Tag: mobile app users

Mobile apps are launched 60 times daily by 15 percent of users

A recent study determined that 280 million people are launching their applications many times each day.

A new report from Flurry has been released and what it showed was that there is a considerable group of people that they are labeling “mobile addicts” due to the number of times that their mobile apps are launched within any given day.

What they found was that 15 percent of smartphone and tablet users are launching their applications very often.

In fact, the Flurry report showed that those 15 percent are launching mobile apps at least 60 times per day. This meant that they fell into the category of mobile addicts, as defined by the firm, and that there are an estimated 280 million of them around the world. These 280 million people are continually using and launching applications in their mobile devices. Though this may not sound like very much when compared to the complete global population, keep in mind that it is 15 percent, which means between one and two out of every 10 people could fall into this category.

In fact, the number of people launching mobile apps at that rate is equivalent to one of the most populous countries.

Mobile Apps & Mobile UsersTwo hundred and eighty million people is the same number as the fourth most populated country on the planet, only slightly behind the population of the United States. When considering that mobile addicts could make up the fourth most populated country in the world, it starts to put things into perspective with regards to the usage of these devices and how much some people are actually using them.

Furthermore, the mobile addicts usage group is also the one that has the largest growth in terms of its own population. In fact, over the last year, the number of people who would fall into that group grew by a massive 59 percent.

Among the primary drivers of this very high rate of usage of mobile apps is messaging and social applications. Those are the types of app that are launched 6.6 times more frequently than are used by the average smartphone or tablet user that is not considered to be an addict.

Mobile security flaw places millions of app users at risk

Researchers in Germany have now identified a common weakness in programming practices.

A research team in Germany has now stated that they have found a common poor programming practice that has left a flaw that could lead to a mobile security exposure that risks data breaches for millions of app users.

The method of authenticating users could potentially place the personal data of those individuals at risk.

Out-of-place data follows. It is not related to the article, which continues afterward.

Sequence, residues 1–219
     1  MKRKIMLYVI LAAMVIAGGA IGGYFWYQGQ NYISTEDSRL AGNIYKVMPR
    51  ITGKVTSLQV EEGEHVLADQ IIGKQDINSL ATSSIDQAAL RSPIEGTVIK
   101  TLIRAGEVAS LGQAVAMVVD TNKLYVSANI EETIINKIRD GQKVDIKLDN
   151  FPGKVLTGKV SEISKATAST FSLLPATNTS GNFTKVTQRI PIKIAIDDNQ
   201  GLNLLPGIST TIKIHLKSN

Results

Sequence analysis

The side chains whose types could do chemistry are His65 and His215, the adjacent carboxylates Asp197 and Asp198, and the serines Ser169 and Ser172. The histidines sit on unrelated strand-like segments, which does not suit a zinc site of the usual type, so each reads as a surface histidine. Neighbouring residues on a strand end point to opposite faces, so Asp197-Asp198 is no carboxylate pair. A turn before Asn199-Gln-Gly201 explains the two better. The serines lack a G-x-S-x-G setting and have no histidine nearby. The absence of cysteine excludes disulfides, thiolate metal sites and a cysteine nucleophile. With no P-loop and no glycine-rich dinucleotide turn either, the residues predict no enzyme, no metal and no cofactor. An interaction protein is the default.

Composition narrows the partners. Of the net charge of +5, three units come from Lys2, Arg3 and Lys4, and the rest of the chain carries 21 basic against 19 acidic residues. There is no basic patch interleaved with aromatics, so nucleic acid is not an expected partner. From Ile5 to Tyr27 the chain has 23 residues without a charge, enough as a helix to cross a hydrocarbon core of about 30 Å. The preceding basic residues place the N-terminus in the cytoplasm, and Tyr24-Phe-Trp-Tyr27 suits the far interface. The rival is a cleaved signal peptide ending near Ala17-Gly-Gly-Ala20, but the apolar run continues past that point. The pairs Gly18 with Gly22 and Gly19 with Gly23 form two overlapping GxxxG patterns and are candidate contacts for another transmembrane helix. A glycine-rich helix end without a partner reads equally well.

The flaw in the programming could potentially expose the personal data of the users of the apps in which the developers used those mobile security practices. The reason is because of the method by which the app developers authenticate users during the data storage and retrieval processes with cloud databases, such as the Amazon Web Services and Parse at Facebook. The reasearchers are from the Darmstadt University of Technology and the Fraunhofer Institute for Secure Information Technology.

The researchers identified the mobile security flaw by looking into 750,000 Google Play and Apple Store apps.

Mobile Security threat to many usersWhat the researchers found was that many of them use mobile authentication strategies by way of basic API-tokens, despite the fact that there are other methods readily available that are considered to be notably more secure.

This app development strategy is in direct opposition to the advice for best practices that has been issues by cloud storage providers. According to a statement made by Amazon Web Services, they have been advised of a “small number” of mobile app developers who have apps that hold AWS credentials. It said that it is their belief that those developers have “inadvertently embedded their own AWS credentials within their mobile applications, which could lead to unauthorized use of the developer’s AWS services and data.”

The statement also pointed out that AWS took the step to communicate directly with each of those developers in order to offer them guidance for the removal of their credentials from the apps. They also took the step to “encourage them to carefully examine their AWS resources for unauthorised activity and provide assistance as needed.”

The German team’s leader, Professor Eric Bodden said that this was a significant mobile security issue, as they were able to identify 56 million unprotected data sets.